Scope of Practice

How the APRN Compact would undermine physician-led care

Tanya Albert Henry , Contributing News Writer

AMA News Wire

How the APRN Compact would undermine physician-led care

Jun 27, 2024

Nearly a decade after its initial inception, the latest version of the Advanced Practice Registered Nurse (APRN) Compact continues to threaten patient care and safety.

The compact would allow all four types of advanced practice registered nurses—including nurse anesthetists, nurse midwives, nurse practitioners and clinical nurse specialists—to practice without any physician involvement, even in states with laws requiring that they practice with physician supervision or collaboration. That includes:

  • 44 states and Washington, D.C., that require physician supervision, direction, collaboration or another level of physician involvement for nurse anesthetists who provide anesthesia care.
  • 30 states that require physician supervision, collaboration or another level of physician involvement for nurse practitioners to diagnose, treat or prescribe.

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Among the state practice and prescribing laws that would be preempted are laws that state and national organizations representing nurses previously supported and helped advance. Moreover, proponents of the APRN Compact inaccurately claim that the APRN Compact does not expand scope of practice. Such claims are an attempt to confuse legislators.

Patients deserve care led by physicians—the most highly educated, trained and skilled health professionals. The AMA vigorously defends the practice of medicine against scope of practice expansions that threaten patient safety.

Allowing advanced practice nurses to practice without physician supervision is not good for patients. Studies have shown that advanced practice registered nurses practicing outside physician-led care teams raise health care costs because they order more diagnostic imaging tests and prescribe more antibiotics and opioids than physicians.

Other research conducted using the AMA Health Workforce Mapper has shown that advanced practice nurses do not practice in underserved rural areas, but instead tend to practice in the same areas that physicians do—even if they are in a state that already allows for independent practice.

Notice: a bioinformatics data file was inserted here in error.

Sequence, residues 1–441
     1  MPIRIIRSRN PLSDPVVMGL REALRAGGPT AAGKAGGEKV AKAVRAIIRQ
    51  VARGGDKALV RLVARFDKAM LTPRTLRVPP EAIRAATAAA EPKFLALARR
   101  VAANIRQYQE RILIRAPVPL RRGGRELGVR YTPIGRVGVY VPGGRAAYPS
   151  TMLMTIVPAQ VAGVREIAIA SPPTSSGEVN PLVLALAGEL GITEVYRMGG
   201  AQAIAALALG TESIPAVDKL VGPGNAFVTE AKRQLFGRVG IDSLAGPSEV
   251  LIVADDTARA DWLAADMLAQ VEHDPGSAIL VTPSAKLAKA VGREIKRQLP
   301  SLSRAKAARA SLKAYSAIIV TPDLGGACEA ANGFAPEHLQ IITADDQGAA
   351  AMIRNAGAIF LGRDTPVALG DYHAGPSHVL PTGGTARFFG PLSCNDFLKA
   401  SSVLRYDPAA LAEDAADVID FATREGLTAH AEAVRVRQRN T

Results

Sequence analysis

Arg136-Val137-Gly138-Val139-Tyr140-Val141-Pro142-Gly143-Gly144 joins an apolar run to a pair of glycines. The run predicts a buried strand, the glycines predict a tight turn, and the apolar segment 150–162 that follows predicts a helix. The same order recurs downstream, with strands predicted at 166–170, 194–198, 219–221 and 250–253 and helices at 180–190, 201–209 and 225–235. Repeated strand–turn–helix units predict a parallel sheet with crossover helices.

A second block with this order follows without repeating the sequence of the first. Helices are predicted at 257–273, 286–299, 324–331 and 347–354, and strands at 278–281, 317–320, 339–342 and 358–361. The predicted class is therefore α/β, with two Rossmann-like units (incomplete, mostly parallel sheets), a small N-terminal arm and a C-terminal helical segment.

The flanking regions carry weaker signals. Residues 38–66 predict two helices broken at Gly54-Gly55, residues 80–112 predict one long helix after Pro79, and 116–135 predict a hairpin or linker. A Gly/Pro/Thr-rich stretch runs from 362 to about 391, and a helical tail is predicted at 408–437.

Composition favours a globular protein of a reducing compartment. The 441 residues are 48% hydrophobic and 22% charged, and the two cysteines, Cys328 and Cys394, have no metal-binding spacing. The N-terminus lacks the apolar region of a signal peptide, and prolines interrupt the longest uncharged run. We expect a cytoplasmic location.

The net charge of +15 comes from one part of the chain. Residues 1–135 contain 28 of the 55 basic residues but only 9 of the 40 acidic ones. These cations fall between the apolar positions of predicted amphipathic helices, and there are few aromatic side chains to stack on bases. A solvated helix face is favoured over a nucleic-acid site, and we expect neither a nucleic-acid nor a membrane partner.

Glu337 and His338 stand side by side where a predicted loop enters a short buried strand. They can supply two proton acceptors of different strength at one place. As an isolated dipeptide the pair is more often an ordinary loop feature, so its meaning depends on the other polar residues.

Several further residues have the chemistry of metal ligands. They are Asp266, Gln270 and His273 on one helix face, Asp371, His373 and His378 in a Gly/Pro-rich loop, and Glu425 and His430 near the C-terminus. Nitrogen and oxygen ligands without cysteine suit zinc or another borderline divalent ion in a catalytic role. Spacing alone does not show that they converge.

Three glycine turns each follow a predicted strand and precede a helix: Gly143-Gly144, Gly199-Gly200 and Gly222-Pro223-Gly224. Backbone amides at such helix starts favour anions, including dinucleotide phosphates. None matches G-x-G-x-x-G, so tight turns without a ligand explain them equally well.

The National Council of State Boards of Nursing created the APRN Compact as a way for advanced practice nurses to have one multistate license that lets them practice in all of the states that are part of the Compact. Yet, unlike similar compacts for every other type of health professional, the APRN Compact would preempt state scope of practice laws. Notably, existing health licensure compacts for physicians, psychologists, physical therapists and nurses retain individual state scope of practice laws.

The AMA is fighting scope creep, defending the practice of medicine against scope of practice expansions that threaten patient safety.

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To join the 2020 APRN Compact, a state’s legislature must enact the compact as legislation. Seven states must adopt the compact for it to become effective. Through the advocacy of the AMA and state medical associations, the compact has stalled as only four states—Delaware, North Dakota, South Dakota and Utah—have enacted legislation. Meanwhile, seven states defeated the APRN Compact in 2023 and three states have defeated it so far this year.

“The AMA strongly objects to the use of interstate compacts as a mechanism though which to grant independent practice to APRNs or grant prescriptive authority where such authority does not currently exist,” the AMA says in an issue brief. “Not only is this deceptive, it is the AMA’s position that this use of a licensure compact has the potential to threaten patient care and safety.”

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